System services are the services that your server will run, and be used. These are what makes your server a server basically, and what brings you customers. Whether your customers be paying users (such as in an ISP), or they be donation users (users that give little or no money towards your server), they are still important. They are the reason that you want a server, so it is important to think of them. Linux offers *MANY* services, here are some of the more common services:
* Shell Services (The Secure SHell (SSH), Telnet, Remote Shell, etc)
* Mail Services (POP3, SMTP)
* Web Services (Web Hosting)
* DNS Services (Domain Name Services)
* FTP Services
* Talk Services (via Talked, enables users logged in to chat with each other)
* Kerberos Services (secure authentication techniques)
Linux offers many other services, of which will be described in detail later. Most of the services lie in the /etc/init.d directory, which is actually a set of start up scripts, but as most services are started at boot, so the /etc/init.d directory would be a good place to start looking for services installed…..you can also try tel netting to known service ports, which are listed as follows:
If you are running the service, you will get a message that looks like:
/home/ares> telnet localhost.localdomain 22
Connected to localhost.localdomain.
Escape character is ‘^]’.
Then you are running the service that is reported. Also, you can download the portscanner nmap from from insecure.org. It is available in RPM formats, as well as .tar and .tgz formats. Once installed, you can invoke it by using the following syntax:
Nmap will then output all the open ports on your server. This is also good for scanning other servers on your network, to see what services they are running. If you see a service, such as Sendmail (SMTP service) running, and you don’t need it, I recommend removing it, via commenting out the lines in /etc/init.d/sendmail, or by just issuing the following command:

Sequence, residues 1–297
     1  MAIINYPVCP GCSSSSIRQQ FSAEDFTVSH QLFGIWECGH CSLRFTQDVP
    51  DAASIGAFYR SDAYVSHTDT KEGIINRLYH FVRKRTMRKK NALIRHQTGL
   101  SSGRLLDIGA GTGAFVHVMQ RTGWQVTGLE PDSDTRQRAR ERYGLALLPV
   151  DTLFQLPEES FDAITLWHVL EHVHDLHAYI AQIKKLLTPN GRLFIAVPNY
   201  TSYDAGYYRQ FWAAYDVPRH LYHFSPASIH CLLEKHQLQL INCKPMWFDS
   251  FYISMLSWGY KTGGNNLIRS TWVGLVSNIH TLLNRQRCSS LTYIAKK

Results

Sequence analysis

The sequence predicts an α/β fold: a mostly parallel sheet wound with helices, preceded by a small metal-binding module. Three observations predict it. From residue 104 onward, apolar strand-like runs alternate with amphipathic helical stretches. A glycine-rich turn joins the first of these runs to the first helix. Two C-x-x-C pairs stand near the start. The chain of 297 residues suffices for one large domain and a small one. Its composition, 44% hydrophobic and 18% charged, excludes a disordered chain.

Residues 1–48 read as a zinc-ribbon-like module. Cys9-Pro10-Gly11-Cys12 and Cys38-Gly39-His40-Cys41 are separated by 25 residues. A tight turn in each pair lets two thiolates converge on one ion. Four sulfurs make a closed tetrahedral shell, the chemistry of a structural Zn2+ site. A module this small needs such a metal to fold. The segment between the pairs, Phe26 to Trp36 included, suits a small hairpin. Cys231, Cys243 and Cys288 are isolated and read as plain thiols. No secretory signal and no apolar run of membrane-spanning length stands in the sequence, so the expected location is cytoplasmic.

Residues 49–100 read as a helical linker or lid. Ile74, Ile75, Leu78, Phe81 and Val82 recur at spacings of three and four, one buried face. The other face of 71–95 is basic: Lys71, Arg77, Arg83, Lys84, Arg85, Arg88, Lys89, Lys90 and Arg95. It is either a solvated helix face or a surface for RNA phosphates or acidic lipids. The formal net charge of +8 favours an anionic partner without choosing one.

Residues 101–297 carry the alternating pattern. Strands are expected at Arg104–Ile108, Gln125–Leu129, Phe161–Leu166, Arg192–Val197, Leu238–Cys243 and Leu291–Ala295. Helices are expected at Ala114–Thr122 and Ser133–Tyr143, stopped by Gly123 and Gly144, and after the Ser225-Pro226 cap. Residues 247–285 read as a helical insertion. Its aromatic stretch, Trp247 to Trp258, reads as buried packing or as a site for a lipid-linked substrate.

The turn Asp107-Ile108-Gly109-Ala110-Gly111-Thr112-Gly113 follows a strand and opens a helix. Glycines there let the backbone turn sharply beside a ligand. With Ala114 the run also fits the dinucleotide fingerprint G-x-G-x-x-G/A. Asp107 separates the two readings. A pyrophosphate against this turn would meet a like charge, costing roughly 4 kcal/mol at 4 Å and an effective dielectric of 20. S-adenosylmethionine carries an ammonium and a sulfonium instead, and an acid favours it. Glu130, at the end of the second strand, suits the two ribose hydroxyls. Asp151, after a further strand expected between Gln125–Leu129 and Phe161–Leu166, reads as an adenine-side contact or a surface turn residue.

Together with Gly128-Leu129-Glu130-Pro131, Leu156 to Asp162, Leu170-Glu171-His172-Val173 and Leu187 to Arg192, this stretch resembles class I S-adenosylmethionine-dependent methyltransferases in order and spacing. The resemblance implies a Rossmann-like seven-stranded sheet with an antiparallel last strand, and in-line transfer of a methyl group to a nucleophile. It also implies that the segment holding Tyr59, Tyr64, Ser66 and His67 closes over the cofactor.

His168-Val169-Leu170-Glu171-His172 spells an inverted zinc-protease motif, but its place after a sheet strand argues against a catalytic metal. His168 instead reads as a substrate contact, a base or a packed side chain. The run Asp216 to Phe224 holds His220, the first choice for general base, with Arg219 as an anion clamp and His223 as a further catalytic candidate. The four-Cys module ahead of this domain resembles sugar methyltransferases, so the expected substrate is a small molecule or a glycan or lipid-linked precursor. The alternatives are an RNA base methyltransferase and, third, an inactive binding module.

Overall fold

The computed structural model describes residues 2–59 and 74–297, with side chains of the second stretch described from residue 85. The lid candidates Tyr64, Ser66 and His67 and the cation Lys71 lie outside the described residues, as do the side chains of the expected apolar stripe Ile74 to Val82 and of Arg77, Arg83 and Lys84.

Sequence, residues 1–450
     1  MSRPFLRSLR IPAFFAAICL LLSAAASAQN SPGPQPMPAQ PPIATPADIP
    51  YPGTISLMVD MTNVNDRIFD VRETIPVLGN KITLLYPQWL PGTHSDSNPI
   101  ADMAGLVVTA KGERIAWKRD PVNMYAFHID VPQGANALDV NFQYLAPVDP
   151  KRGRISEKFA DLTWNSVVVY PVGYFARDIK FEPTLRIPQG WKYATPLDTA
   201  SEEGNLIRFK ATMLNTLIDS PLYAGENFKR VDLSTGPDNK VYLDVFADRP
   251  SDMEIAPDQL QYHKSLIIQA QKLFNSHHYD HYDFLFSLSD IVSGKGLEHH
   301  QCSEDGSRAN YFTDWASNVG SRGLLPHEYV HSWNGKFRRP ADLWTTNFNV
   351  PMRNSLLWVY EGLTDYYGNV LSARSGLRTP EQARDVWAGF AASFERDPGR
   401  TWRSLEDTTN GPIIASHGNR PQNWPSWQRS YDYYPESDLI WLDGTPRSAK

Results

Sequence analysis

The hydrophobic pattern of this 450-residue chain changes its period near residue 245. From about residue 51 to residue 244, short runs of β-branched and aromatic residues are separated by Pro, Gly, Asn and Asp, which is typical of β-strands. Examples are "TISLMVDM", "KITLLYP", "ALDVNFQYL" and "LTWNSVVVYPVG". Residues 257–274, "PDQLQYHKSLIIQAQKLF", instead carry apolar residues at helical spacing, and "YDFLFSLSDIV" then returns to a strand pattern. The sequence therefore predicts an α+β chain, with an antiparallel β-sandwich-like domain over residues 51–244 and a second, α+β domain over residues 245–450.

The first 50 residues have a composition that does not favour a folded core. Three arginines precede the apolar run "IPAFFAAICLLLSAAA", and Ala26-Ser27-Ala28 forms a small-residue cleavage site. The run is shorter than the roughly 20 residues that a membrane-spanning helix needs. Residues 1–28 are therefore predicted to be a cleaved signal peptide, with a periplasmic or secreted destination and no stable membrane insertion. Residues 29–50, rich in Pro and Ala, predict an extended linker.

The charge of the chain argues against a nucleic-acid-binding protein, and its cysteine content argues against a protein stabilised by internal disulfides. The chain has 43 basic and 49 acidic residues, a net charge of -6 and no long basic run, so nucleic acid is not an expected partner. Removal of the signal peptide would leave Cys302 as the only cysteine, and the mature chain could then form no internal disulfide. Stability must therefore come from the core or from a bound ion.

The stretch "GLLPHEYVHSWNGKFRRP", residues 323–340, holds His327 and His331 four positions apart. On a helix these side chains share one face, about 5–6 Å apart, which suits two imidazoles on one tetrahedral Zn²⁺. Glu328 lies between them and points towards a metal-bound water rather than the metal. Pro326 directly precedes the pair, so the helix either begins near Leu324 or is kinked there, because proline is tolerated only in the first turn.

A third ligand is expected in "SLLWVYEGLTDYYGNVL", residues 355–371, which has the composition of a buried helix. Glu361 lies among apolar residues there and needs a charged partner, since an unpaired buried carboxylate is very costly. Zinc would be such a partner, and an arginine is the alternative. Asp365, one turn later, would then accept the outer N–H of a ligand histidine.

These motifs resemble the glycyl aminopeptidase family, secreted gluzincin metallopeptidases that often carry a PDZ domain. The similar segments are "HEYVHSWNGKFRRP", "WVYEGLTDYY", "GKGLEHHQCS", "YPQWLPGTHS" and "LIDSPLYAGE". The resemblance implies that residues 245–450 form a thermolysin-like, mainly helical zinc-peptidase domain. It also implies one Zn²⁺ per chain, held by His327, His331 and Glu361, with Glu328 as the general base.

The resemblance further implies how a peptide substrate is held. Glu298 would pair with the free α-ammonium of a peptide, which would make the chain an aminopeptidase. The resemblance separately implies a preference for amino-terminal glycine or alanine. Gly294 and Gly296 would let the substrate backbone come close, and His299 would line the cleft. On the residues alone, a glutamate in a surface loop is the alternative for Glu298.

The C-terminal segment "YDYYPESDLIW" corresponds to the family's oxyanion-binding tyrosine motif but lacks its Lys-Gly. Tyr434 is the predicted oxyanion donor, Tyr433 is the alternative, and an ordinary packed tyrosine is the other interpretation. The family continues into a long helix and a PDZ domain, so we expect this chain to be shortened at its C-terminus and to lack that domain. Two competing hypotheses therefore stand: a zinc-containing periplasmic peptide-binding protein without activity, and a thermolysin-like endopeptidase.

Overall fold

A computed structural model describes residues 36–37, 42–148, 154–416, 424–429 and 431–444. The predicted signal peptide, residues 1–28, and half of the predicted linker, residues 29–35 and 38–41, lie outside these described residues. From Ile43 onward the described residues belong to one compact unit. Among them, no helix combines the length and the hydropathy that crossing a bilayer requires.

Then un-installing it, with the package manager for your distribution (i.e. rpm for Red Hat Linux). For instance, to un-install a rpm package, use the following command:
rpm -e packagename
To see a list of all rpm packages, use the following command:
rpm -qa | more
This will send the output to the more command, as we have covered earlier. If a package gives you a dependency error, you will need to un-install the dependency first, or you may force the un-install with the -f option (*NOT* recommended). You can use the deselect program in Debian Linux to remove the unwanted package, simply type:
To bring the deselect menu up. This is more user-friendly than the rpm utility, if you like interfaces that is. Now, we will move on to specific services, the first on the list is the apache web server.
Christopher J. Pace is a freelance Linux consultant who has worked with Linux since 2001. Currently, he provides remote Linux consulting services for sick servers.